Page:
This fascinating book isn't only entertaining from the standpoint of learning about the HeLa cells & Henrietta's story, but her daughter Deborah Lacks' struggle is so well-told, too. Ms. Skloot's research on this book (a decade in the making) is absolutely unbelievable and is so well explained even on the simplest level. Everyone can enjoy & learn so much from this book. I highly recommend it to anyone interested in not only a hugely important part of medical history, but a look into the lives of a very endearing family.
I have seen this title on so many "best-of" lists that despite the fact that the premise didn't exactly grab me, I thought the book must be worth reading. There have been many times I've enjoyed a well-written book that didn't initially interest me but which I bought based on stellar reviews; I expected this book to be in the same category. Sadly, it's not. This is one of the most boring books I've read in a long time. Though the story of what happened to Henrietta Lacks' cells is fascinating, this author instead focuses on Lacks' uninspiring and rather dull family. The family feels cheated, for good reason, but that's the extent of the drama. There is nothing exceptional about the family, Lacks' history, or anything about this book. Though Lacks' cells were indeed exceptional the author treats that as an aside. The author explains that she wanted a unique perspective on Lacks' place in history. Fine, but that's no excuse for writing a dull book.
This is one of the best books I've read/listened to all year. Skloot paints a compassionate, 3-dimensional portrait of a person, her family and an era. The subject matter is beyond belief and will have you with your jaw on the floor several times over. You'll be in awe and horror. You'll be touched, you'll cry. You'll be indignant. You'll be inspired. The story focuses mainly on Deborah- the daughter of Henrietta Lacks. This greatly humanizes what could otherwise be a dry, bioethics case-study. I can't recommend this book highly enough-- you will learn so much.
The book taught me about the science of HeLa cells and that was the main reason I wanted to read this. I found that portion of the book very interesting. I was also moved by the tragic story of Henrietta's life. She deserved much better. However, the story seemed to drone on about the life of her descendants to the point I didn't care about them anymore. They began to annoy me with their antics to the point that the sympathy I originally had for them disappeared. I understand their socio and economic background and understand their plight but has Henrietta's daughter said, "times were different back then" and nothing was done intentionally to defraud or short-change the family.
The last part of the book was interesting where it discussed what is happening today legally and ethically regarding the use of human tissues when they leave your body. Like Henrietta, it is something you just don't think about. As I believe Henrietta would have wished, I would hope that my discarded tissues could benefit mankind in some way.
This was one of those books that you're already looking forward to the next before this one ends. A good book is one that as you approach the end you wish there was more. Unfortunately, this was more the former for me.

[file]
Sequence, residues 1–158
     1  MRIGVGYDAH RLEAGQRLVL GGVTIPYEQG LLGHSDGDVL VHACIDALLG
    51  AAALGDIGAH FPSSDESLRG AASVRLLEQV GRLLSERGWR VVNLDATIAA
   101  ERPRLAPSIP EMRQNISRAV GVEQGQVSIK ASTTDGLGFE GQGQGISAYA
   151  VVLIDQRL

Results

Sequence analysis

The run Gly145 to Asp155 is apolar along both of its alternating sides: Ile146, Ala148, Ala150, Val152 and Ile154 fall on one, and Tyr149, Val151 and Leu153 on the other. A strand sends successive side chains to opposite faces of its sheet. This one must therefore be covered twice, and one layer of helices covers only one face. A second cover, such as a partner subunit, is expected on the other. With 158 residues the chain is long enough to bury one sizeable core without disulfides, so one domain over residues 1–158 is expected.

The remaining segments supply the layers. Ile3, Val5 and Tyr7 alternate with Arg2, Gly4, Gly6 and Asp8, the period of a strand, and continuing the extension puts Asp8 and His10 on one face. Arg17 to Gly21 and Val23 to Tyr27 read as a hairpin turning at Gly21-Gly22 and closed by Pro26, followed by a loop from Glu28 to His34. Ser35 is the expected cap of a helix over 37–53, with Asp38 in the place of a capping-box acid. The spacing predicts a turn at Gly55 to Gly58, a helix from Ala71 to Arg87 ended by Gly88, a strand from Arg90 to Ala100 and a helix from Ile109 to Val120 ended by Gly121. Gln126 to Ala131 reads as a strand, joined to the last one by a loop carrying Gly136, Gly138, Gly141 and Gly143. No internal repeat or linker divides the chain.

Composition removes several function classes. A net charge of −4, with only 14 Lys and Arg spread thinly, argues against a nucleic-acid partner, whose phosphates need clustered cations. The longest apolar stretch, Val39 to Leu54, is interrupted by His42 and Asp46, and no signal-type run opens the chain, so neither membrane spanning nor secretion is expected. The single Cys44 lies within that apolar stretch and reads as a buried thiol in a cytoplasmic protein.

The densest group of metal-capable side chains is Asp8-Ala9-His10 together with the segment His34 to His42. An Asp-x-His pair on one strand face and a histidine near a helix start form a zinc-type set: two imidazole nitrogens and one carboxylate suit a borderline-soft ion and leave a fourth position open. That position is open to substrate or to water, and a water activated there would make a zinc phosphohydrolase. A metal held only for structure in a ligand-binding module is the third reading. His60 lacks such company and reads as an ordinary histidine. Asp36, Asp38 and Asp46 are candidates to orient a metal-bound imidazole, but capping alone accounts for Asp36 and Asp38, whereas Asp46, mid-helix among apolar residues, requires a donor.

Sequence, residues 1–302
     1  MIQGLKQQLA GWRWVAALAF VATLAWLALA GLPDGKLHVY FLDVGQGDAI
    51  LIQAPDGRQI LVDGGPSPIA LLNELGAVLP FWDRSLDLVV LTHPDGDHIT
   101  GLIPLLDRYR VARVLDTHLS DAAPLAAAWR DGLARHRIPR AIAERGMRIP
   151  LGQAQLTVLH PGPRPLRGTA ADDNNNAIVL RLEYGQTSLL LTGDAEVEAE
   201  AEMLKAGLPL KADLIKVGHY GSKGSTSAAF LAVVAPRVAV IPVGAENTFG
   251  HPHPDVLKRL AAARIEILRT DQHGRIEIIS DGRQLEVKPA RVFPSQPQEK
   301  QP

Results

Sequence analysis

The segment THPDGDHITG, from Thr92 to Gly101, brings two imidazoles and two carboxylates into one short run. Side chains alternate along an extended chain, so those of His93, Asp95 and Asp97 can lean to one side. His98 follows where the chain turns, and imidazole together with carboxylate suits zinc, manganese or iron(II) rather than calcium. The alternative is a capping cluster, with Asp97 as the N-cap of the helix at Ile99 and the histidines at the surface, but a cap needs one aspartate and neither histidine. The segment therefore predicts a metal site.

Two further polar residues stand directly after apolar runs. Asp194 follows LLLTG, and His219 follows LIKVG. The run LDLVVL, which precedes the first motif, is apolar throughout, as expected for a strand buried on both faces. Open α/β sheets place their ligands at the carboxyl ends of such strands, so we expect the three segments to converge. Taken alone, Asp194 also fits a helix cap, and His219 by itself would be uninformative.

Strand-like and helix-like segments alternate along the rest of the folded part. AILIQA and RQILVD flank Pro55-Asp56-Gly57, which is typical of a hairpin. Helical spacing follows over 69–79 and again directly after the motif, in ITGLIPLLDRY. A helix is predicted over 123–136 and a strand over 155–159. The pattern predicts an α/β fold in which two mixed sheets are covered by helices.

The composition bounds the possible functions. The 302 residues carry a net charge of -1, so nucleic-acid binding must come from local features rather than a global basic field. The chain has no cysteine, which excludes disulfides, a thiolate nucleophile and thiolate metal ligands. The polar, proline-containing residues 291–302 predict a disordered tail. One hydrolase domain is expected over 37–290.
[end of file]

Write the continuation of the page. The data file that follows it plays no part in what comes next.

This book has been a thoroughly engaging listen. I kept thinking, she's told the whole story, what's going to be left for the 2d half, but it's keeps me enthralled for both parts. It's a great scientific and human interest story, in which the author deftly raises a series of important issues of science, race, class, medical and health care, economics, education, and journalism, parenting, family, loss, and mental health,
This book could have been cut in half and the story would have been more interesting and compelling. There was way too much about the family, details that were too long and uninteresting. The remaining half, however, would make an interesting story and deserves to be told.
One of the best and most important books of our time... a must read for anyone. I loved Skoot's ability to weave science with emotion and morality. Best book of the year.
I guess I was hoping for more science with this title, but the first half (I didn't listen to the second half) was primarily rehashing Henrietta Lacks' surviving family members' disdain for what happened to Henrietta. This topic needs more attention, more coverage, and this book is a start, but it was more drama than substance in my opinion. The narrator was fine, and the audio quality is great. I loved Demon in the Microscope, a book about germ theory/antibiotics.
If there are companies out there that have made money with the Henrietta Lacks' cells, and they don't react to this book by setting up scholarships for this family, those companies should be shut down. They are morally bankrupt.
Well written, provocative and inspirational.
I really enjoyed this novel. I was a Biology undergrad and never heard of Henrietta Lacks. What a shame that her family has been treated as they have. It's also shocking to learn that we do not (still do not) own what happens to things removed from our bodies by doctors. Are we supposed to ask for these items to ensure they aren't used for things we wouldn't approve of. Don't get me wrong, I'm all for bettering the common good. But, unfortunately most doctors are no longer in it for the common good. It's all about money. Anyway, it's very educational while still being an interesting read. Kudos!